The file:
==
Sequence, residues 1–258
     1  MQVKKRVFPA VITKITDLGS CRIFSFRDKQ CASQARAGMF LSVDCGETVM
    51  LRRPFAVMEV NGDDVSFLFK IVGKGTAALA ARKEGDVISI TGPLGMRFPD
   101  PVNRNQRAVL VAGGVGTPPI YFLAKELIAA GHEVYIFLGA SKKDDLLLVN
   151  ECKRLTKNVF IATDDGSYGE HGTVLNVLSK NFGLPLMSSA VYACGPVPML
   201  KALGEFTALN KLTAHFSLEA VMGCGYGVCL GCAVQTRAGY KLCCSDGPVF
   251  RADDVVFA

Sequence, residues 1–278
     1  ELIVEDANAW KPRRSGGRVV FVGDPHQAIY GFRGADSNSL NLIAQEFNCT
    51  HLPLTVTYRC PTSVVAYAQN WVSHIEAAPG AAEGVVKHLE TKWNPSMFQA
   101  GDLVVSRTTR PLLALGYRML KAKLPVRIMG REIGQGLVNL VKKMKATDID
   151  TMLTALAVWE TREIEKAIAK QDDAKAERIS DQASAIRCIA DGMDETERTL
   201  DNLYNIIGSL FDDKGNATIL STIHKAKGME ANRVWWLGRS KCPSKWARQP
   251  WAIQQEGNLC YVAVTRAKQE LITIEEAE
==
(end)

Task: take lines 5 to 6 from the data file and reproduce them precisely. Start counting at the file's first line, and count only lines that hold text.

   151  ECKRLTKNVF IATDDGSYGE HGTVLNVLSK NFGLPLMSSA VYACGPVPML
   201  KALGEFTALN KLTAHFSLEA VMGCGYGVCL GCAVQTRAGY KLCCSDGPVF